A Painless Way to Practise Chinese Comprehension

MP900439482Most primary school children taking Chinese as a subject have problems with two main areas :

1. Composition – I will talk about this another time

2. Comprehension

For comprehension, their school teachers will usually teach them certain techniques for answering questions.  E.g. if you have a “从哪里可以看得出….” kind of question, how should you phrase your answer.  All these are very useful for tackling examinations.  A struggling should at least be able to pass if he can master these techniques.  However, fundamentally, comprehension tests how well you understand the passage.  So if the child’s language standard is not up to par, he is going to struggle and not do very well, despite applying all the techniques taught by the teachers.

I do not have a magic bullet that will help the kids overcome this.  With my own kids, the only way is to drill and drill a lot.  I believe reading lots of Chinese books from young is going to help a lot too, so I strongly encourage parents to do so.  Think of all the tuition fees you can save by just taking the time to do the reading at home.  Basically, the more exposure the child gets from young, the easier it would be.  Exposure can come in the form of reading pen, parents reading books, audiobooks, tv programmes, etc.

Coming back to drilling, when my #1 was taking the national exam (PSLE) last year, his school teacher drilled him a lot by giving him a lot of comprehension practices. It really did help.  So if you are wondering how to improve your child’s comprehension, let him do at least one practice a week.

Is there a painless way to do this?  Well, yes.  Again, you start from young.  When #3 was little, I started reading Chinese books to him regularly.  When he was a little older and was able to speak simple Mandarin and understand the stories I read, I started adding a ‘narration’ component to it.  What do I mean?  I would read him a story and then I would ask him questions about the story in Chinese.  He had to reply me in Chinese and in complete sentences. The questions can be simple ones, such as what was the bear eating, what colour was his shirt.  They can also be slightly more difficult, e.g. what did the elephant do, why was the cat sad.  You form your own questions according to the ability of your child.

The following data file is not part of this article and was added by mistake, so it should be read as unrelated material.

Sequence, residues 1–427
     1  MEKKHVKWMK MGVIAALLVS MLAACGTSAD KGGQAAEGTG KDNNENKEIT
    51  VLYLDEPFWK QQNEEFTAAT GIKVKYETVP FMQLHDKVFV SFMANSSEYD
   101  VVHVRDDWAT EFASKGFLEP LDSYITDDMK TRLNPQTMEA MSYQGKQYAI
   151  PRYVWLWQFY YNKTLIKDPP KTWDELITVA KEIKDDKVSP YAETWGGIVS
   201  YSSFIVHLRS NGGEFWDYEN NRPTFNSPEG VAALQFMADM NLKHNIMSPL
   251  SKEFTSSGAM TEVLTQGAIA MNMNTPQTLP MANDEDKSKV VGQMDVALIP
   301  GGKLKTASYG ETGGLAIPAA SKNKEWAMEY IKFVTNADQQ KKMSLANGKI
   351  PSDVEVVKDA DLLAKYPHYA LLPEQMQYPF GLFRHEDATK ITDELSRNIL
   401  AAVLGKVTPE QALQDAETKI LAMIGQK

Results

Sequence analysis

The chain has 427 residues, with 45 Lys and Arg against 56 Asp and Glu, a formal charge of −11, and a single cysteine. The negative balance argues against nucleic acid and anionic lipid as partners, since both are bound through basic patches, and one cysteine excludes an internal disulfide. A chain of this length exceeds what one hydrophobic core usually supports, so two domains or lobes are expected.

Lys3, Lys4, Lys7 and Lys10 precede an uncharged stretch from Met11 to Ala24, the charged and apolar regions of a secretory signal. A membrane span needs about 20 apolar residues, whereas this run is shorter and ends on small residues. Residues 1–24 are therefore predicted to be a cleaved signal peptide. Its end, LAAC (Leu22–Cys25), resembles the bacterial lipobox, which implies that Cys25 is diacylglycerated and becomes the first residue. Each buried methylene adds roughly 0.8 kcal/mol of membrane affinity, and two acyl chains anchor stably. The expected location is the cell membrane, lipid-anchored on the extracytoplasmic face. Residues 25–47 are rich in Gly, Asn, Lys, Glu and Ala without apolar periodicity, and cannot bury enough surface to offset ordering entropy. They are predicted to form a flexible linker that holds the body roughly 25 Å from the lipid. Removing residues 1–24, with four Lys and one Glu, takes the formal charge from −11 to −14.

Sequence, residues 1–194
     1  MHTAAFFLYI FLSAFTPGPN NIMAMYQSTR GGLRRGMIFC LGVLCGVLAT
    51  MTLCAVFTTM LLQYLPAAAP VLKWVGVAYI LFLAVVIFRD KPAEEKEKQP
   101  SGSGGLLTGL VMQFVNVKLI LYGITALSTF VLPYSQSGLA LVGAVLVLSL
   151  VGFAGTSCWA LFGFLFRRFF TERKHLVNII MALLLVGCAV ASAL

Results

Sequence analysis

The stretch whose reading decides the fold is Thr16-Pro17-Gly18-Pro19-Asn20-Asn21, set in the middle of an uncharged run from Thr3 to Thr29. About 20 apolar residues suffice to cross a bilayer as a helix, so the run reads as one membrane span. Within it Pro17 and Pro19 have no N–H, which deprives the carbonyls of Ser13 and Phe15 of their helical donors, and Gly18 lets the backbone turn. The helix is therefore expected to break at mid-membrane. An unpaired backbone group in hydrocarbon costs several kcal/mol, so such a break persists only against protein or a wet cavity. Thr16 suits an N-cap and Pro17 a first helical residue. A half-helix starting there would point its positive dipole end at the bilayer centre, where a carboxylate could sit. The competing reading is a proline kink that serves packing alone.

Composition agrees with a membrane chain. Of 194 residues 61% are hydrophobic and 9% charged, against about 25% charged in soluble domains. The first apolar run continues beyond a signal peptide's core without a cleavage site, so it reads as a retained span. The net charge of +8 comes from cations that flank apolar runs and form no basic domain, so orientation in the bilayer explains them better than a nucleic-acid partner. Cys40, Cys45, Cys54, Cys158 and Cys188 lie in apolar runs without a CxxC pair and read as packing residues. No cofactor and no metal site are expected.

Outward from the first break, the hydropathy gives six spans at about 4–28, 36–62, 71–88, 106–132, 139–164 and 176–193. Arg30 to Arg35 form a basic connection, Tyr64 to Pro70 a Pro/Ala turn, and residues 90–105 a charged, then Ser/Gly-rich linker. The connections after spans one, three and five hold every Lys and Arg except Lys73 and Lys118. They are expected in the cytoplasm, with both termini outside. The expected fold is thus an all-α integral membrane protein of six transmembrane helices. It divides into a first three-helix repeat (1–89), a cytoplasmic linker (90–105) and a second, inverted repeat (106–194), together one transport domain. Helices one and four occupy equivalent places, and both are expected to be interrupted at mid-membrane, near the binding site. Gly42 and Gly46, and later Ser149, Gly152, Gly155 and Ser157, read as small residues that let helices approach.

What happened when #3 could not answer the questions even though he could understand and he knew the answer?  This meant that he had problem making up a sentence in Chinese.  If this happened to your child, it is fine.  Reassure him that it is ok.  Tell him to answer you in English, then teach him how to say it in Chinese.  Get him to repeat after you.  You are teaching him, you are not testing him.  Make sure you do not make it into some kind of stressful exercise.

This can be done as soon as the preschooler can say speak simple Mandarin.  So if you start doing this at this stage, your child would have had plenty of practice with Chinese comprehension before entering school.  The only thing he has not learned is to write his answers down, which he will learn in school.  But be sure not to turn every story reading session into a comprehension practice session.  It will kill the joy of reading.  On the average, I only did this once a week with #3.

Even when the child is in primary school, you can do this to get him to practice more Chinese comprehension.  We all know that writing things down can be time consuming and tedious.  We also know that time is precious and there are lots of drilling and revision to do before exams.  One way to save time and squeeze in more Chinese comprehension practice is to do it orally.  Make sure the child answers just as he should if he were to write it down.  And also make sure that oral practice is not the ONLY form of practice he get because the child still needs practice with actual written comprehension.  Oral practice is more like a shortcut if you want more practice but you are out of time and want to make practising more comprehension a bit less painful.


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